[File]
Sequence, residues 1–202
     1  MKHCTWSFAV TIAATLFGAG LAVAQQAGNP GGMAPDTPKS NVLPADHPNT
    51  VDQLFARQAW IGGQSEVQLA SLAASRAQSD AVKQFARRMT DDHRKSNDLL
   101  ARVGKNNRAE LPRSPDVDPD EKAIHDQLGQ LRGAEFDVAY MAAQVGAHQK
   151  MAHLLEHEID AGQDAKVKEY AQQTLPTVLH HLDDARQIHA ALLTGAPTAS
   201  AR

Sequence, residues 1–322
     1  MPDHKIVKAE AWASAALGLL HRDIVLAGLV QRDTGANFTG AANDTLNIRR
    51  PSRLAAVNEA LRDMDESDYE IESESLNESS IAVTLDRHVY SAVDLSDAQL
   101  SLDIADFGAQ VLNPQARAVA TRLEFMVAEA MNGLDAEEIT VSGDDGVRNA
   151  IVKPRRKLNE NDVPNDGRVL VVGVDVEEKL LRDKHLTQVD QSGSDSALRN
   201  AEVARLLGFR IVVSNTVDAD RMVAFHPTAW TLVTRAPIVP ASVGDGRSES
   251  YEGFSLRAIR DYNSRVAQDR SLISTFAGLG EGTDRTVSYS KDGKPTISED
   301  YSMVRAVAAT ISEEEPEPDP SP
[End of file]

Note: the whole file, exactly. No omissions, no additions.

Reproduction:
Sequence, residues 1–202
     1  MKHCTWSFAV TIAATLFGAG LAVAQQAGNP GGMAPDTPKS NVLPADHPNT
    51  VDQLFARQAW IGGQSEVQLA SLAASRAQSD AVKQFARRMT DDHRKSNDLL
   101  ARVGKNNRAE LPRSPDVDPD EKAIHDQLGQ LRGAEFDVAY MAAQVGAHQK
   151  MAHLLEHEID AGQDAKVKEY AQQTLPTVLH HLDDARQIHA ALLTGAPTAS
   201  AR

Sequence, residues 1–322
     1  MPDHKIVKAE AWASAALGLL HRDIVLAGLV QRDTGANFTG AANDTLNIRR
    51  PSRLAAVNEA LRDMDESDYE IESESLNESS IAVTLDRHVY SAVDLSDAQL
   101  SLDIADFGAQ VLNPQARAVA TRLEFMVAEA MNGLDAEEIT VSGDDGVRNA
   151  IVKPRRKLNE NDVPNDGRVL VVGVDVEEKL LRDKHLTQVD QSGSDSALRN
   201  AEVARLLGFR IVVSNTVDAD RMVAFHPTAW TLVTRAPIVP ASVGDGRSES
   251  YEGFSLRAIR DYNSRVAQDR SLISTFAGLG EGTDRTVSYS KDGKPTISED
   301  YSMVRAVAAT ISEEEPEPDP SP